I use eBay and discogs. My experiences with both have been positive. I buy used original pressings. New reissues cut from digital files are of no interest to me. I am price conscious and look for the lowest prices. I have never had to return a used LP. How the cover looks is of little concern. I will not buy any Mobile Fidelity after learning of their dishonesty.
Not wanting to incur the wrath of Jason Bourne, but I'm not willing to commit to the program. Of used records that is. Some people don't mind a few pops and clicks when listening to vinyl. I hate it. When buying a new LP for my collection, I want pristine sound. To that end, it's really hard to beat Amazon. Fast delivery and no hassle free returns if the product is not perfect. I only have one very good TT and it only plays great vinyl. Don't get me wrong, as I have bought a lot of used LPs in the past. I've simply come to the conclusion, for me anyway, that life is to short, and the investment in my system is too large, to not be playing the best records available. And I don't think $25 is a lot to pay for something that will hive me years of enjoyment. IMHO.
Does he live nearby? If so, the best gift you can give him might be to make a date to go to the nearest record store and then guide him thru the selection of 30 LPs. You can teach him what you know about condition, different pressings, reissues, etc. One of the many joys of entering the world of vinyl is patronizing physical record stores, finding deals by crawling through the stacks, talking to other music lovers, and interacting with knowledgeable, quirky staff. This may set him off on a path of discovery that leads to a new hobby and a lifetime immersed in vinyl culture.
Of all the bigtime vendors that sell used vinyl, the stringency that used vinyl people demand of their sellers is most likely to be observed and respected by the Discogs seller. Buying new vinyl is fine, and there are plenty of options for that, but finding quality pressings at reasonable prices for vintage pressings (I’d recommend not only choosing only those sellers with 99.8%-100% rating, but ones with comprehensive descriptions of the items in question, and don’t be afraid to ask for pictures if you’re curious, and don’t suffer the fools that show unresponsive/late/sloppy/irresponsible correspondence with you, the customer) is relatively easy and hassle-free on Discogs. The ability as a buyer to purchase with exact specificity a particular vinyl pressing one has on Discogs is also a big plus if one knows exactly which pressing they want.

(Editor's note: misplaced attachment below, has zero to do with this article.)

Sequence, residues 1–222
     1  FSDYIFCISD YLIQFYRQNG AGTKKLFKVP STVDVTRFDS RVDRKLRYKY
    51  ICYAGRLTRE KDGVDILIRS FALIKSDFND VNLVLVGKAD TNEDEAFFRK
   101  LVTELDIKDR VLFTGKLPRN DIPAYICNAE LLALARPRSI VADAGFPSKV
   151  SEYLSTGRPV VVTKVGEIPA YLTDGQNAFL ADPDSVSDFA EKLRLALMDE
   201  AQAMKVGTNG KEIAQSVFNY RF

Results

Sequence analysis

I find Discogs, like any third-party vendor, is not perfect (I’ve had a few dud sellers I’ve dealt with) but all of the things I mentioned about it remain true, and the number of perfect transactions I’ve had vastly outweigh the number of bad transactions.
I find being very informed before purchasing music on vinyl is very helpful, and the ability to know exactly the right pressing FOR YOU and then being able to purchase that very pressing with ease, reliability and (with some sleuthing and perhaps some luck) at a reasonable price is where Discogs is advantageous.
Here is his other site: http://www.clevelandvinyl.com/cleaning-process.html
The records are graded and steam cleaned. If you are buying 30, give him a call before ordering.
Excellent thank you all. Yes he is near by and I do have a record store within 10 miles that I’ll probably visit first and check it out.
craigslist sometimes has bulk sales. E.g. there was a guy in LA, a few weeks ago selling 1000s for $5 a piece, incredible selection. There are a lot of collections up for sale, some only sell to one buyer, some willing to sell one by one.
I go to a record store once a week and buy from ebay. I always have a plan, look for a certain artist and go for the lowest price. Worst case scenario I buy it again, I'd spend 5-10 dollars twice rather than 35.
For some albums, new may be best, you would need to know about the specific copy, who/when/where, I had a post about that with great insight provided in the comments.
I have three new LPs in the original wrap, I have not opened them. I just look at them from time to time and feel like I need the right moment to remove the nylon. For me vinyl is all about the time travel and I want that original sleeve with the 70s ads on it.
I'm a 1st pressing junkie, I've noticed at least on ebay that there definition of excellent is different from mine. If I buy a 1st pressing on ebay I ask the seller a question ( Snap crackle pop? Surface noise in between tracks?) Reason is I recently purchased a Neil Young Harvest 1st pressing and the listing said Excellent for "Vinyl" I got it, The LP looked great, I put it on, dropped the Stylus and Very bad surface noise to start and then when Out on the Weekend started it skipped about 5 times through the song. Turned it over and Old Man skipped bad. It went back! I went as far as to check my Stylus and tracking force with my qauge. Put on my Steely Dan Aja and all was good on my end. Truly shocked on his Excellent grading.